Last night was the 73rd Annual Tony Awards, and there were so many firsts that night alone. Andre De Shields won his first Tony award at the age of 73, Rachel Chavkin moved everyone with her speech mentioning that there need to be more female directors in the theatre industry, and Ali Stroker made history being the first physically disabled actor to win a Tony Award. This has resonated with me the most, considering the fact that I am disabled myself and have been advocating for disability representation in the media and more disability accessibility in schools, workplaces, the arts, and more since early high school.
Stroker won the Tony Award for Best Featured Actress in a Musical for her performance as Ado Annie in the revival of Rodgers and Hammerstein's classic, "Oklahoma!". She has been paralyzed from the waist down after suffering from a spinal cord injury in a car accident at the age of two, making her unable to walk. She also made history back in 2015 being the first physically disabled actress to play a leading role on the Broadway stage, playing Anna in the revival of "Spring Awakening". She has told her story for many years since she first appeared on "The Glee Project" in 2012.
Her being both disabled and queer, I have resonated with her for the longest time as someone who is also disabled and queer. This was not only the first time I ever saw someone like me on the Broadway stage but seeing someone like me win a Tony award gives me lots of hope for my future. I am on the autism spectrum that has dreamed about being on the Broadway stage since I was nine years old, so seeing Ali accepting her Tony Award was nothing less than an exciting moment for me.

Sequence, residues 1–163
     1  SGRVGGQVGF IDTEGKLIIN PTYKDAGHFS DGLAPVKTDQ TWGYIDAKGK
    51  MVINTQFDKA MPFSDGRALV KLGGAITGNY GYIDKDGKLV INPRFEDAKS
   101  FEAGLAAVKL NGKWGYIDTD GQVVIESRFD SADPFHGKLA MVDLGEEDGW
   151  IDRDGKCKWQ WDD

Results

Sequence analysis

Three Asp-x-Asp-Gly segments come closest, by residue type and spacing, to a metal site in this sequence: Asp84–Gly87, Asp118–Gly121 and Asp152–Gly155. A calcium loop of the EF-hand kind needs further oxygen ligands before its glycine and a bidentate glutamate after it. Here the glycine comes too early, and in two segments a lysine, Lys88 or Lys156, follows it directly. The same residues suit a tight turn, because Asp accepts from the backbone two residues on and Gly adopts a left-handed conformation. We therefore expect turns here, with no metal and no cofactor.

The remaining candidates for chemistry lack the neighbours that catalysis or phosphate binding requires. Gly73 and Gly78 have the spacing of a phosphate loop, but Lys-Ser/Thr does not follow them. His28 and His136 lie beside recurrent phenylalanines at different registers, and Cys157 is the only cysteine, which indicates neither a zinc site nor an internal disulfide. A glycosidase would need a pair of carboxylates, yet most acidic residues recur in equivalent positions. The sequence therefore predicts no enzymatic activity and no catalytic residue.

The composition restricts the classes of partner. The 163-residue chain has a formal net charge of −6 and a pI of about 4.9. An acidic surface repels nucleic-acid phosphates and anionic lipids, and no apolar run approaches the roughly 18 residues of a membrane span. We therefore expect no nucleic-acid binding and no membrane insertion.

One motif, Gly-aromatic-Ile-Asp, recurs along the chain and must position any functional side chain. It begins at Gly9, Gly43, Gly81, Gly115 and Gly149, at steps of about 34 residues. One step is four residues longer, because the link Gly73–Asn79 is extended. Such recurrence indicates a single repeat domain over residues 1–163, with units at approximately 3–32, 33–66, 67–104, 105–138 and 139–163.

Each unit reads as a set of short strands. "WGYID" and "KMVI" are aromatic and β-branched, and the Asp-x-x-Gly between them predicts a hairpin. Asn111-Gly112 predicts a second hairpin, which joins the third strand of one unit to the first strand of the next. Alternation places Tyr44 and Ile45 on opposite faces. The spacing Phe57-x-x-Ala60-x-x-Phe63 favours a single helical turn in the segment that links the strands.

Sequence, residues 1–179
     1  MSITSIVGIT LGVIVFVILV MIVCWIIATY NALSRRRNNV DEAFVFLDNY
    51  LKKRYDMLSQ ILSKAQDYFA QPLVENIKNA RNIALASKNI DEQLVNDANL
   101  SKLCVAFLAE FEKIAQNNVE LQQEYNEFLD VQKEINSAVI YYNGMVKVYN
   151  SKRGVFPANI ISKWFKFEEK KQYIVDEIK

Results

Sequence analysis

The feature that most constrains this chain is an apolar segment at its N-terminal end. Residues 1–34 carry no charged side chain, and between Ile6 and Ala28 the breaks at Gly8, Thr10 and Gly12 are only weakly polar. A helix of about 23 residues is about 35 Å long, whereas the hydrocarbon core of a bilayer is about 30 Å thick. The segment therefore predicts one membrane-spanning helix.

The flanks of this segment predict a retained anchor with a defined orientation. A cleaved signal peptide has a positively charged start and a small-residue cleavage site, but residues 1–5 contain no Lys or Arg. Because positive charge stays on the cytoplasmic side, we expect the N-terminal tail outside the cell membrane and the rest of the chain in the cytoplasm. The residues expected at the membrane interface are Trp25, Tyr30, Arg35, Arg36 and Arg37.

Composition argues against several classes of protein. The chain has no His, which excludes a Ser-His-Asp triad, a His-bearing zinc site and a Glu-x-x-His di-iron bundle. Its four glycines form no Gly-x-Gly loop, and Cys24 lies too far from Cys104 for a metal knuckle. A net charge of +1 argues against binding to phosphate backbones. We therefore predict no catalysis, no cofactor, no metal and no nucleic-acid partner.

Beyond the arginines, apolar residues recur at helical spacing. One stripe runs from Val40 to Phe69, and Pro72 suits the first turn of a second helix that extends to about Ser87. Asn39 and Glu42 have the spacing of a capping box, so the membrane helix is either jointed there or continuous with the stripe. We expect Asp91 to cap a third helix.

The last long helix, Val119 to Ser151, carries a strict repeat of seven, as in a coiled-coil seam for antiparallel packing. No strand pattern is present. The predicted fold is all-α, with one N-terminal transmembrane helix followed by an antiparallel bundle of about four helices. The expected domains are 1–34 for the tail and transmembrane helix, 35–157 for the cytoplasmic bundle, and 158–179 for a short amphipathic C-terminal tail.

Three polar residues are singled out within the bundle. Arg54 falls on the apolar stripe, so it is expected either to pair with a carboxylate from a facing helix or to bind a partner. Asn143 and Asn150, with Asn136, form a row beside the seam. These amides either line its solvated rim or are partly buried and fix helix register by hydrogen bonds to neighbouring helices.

Disability accessibility has not been common in the theatre, whether it be for the physically disabled who need ramps and elevators in order to travel from one floor to another, or even autistics like myself who have a hard time processing a large amount of light and sound all at once. Many theatres are attempting to change that, including the Papermill Playhouse doing autism-friendly performances of their shows by dimming down anything that can be considered to be over-stimulating, such as lights and sound. I have used theatre as a way for me to express myself and overcome my challenges, and seeing others overcome their challenges through theatre is one of the greatest things I could see during this year's Tony Awards.
When I met Stroker for the first time when I was sixteen years old, I remember being so touched by her story that I wanted to be just like her when I grew up. Since then, she has been a reminder to me and so many other aspiring artists and performers with disabilities that just because we are disabled does not mean that we will not be able to succeed. And succeeding is the one thing we all intend to do.